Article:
I’ve noticed this somewhat melancholy tone in your writings of late, and as someone for whom your writing actually means a great deal, it troubles me to know you’re in such straits. I don’t actually have the power to do much besides buy all your books (which I have) and recommend them to others (which I have), but I have brainstormed out a list of ideas that might help you, if you wish to hear it. I can’t say I blame you if you don’t, seeing as your writing career is farther along by leaps and bounds than my own, but I believe the suggestions would work well for you. Email me at the address listed here if you’re interested.

  3. David Lutz
    Posted February 13, 2014 at 5:11 pm | Permalink

    I think the reason you aren’t more poplar is the same reason I’m such a fan. Your books are always new and different. The humor is the same but the framing new. Like you said, people want what they know. And each of your books is a new genre from the last. But the people that do read you, read you until the end. I know three types of people, people that have never read one of your books, people that have read all of them(me), or people who are working their way through your works(my wife). So maybe you won’t be the next great American author, but you will always be loved by your loyal fans. Or maybe you had a early false peak and the timing has not caught you yet.

  4. Posted February 13, 2014 at 6:47 pm | Permalink

    It’s funny because the first novel of yours I picked up was “Monster.” I found it at a Half Price Books and only picked it up because I had some extra money to spend on books for cheap. I read the back of it and found myself intrigued by the subject. But I honestly don’t think I would have ever known about had I not luckily stumbled upon Monster at a used book store.
    Now I’ve read all but one of your books and I constantly tell my friend to “pick up an A. Lee Martinez novel” because they’re hilarious, substantial, and good fun. However, I know that you aren’t that well known amongst the people I hang out with. I can talk about J.K. Rowling, Neil Gaiman, Edger Rice Burroughs and Terry Prachett with my friends and never worry about someone not being sure who I’m talking about. You however aren’t someone my friends are familiar with even though I’m constantly promoting you when we talk about novels we love.
    I have no doubt that we, your fans, talk you up like crazy even though our praises often fall upon deaf ears, or uncertain readers who aren’t that willing to pick up something new. But one thing that’s cool is we, the small group of thousands who read your books and love them, are apart of community of people who know your books and love them. I think it’s now come to us, your faithful readers to get the word out – tell everyone who you are and why your books matter. The material is out there in print, audiobook, and e-reader formats. It’s available and easily accessible. There really shouldn’t be any reason why you stories aren’t more well known. I agree with your assertion that timing is everything, but that doesn’t have to be the end-all.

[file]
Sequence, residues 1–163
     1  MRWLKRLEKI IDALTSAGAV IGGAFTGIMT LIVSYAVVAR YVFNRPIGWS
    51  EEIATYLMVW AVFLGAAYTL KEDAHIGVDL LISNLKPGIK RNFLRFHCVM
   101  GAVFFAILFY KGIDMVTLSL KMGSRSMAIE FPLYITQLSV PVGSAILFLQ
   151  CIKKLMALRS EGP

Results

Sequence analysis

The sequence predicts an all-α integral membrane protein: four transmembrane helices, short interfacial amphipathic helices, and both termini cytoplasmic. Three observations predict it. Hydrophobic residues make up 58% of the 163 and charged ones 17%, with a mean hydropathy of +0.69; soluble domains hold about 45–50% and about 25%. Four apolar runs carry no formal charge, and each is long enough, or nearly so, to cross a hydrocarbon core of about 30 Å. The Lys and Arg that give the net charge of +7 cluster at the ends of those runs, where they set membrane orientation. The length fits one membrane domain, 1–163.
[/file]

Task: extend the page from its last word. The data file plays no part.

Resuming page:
5. Posted February 13, 2014 at 8:21 pm | Permalink

    Is it the business or your writing? Just curious really, because I’m a fan of your work and would hate to see an end to some of the crazy stuff you write. If it IS your writing, I can definitely say I enjoy it (though I’m just gonna say, I would read anything you wrote with Mack in his universe, love that book).

    If it’s the BUSINESS…have you considered self publishing? I am not, by any means, trying to start anything. Self published authors debate a lot on our own channels about the merits, business, etc. I’m NOT trying to do that and I know you’ve written about it before and your hesitancy.

    Just seeing if maybe you’ve considered it as a supplement to your other work.

    Again, not trying to start anything. I’m a big fan of you work and would love to see more.

    P.S. Seriously, the automatic detective is one of those books that I can say is the reason I write, more Mac! (My second favorite is A Nameless Witch, it’s a perfect balance of humor with a well thought out world and story).

  6. Mike
    Posted February 13, 2014 at 9:54 pm | Permalink

    I wish I was able to do more than buy and read and recommend you to everyone I know that reads. I look forward to the next whatever it is that you’re writing!

  7. Shawn P. Bellamy
    Posted February 13, 2014 at 11:07 pm | Permalink

    Is your day job getting in the way of your writing? Hard labor making it difficult to focus the mind? Playing too many video games may have the same effect. I have a tiny little violin and it’s playing just for you….

    Philip K.Dick lived on a shoestring for years. He was in poverty most of his life and he won the Hugo. Most all writers make no money from their love of writing.

    Step Two : Promote!

    I know you can not drive all around the country doing interviews like writers once did, but you can learn to update your own website and put up the 5 missing book covers. How are writers successful without a book deal? They buy reviews and banner ads on websites. They don’t wait to get invited to a con, they buy a table and sell as many books as they can. They offer themselves to local radio around the country for interviews. They move to L.A. and take an active role in getting a book turned into a film. Advertising sells.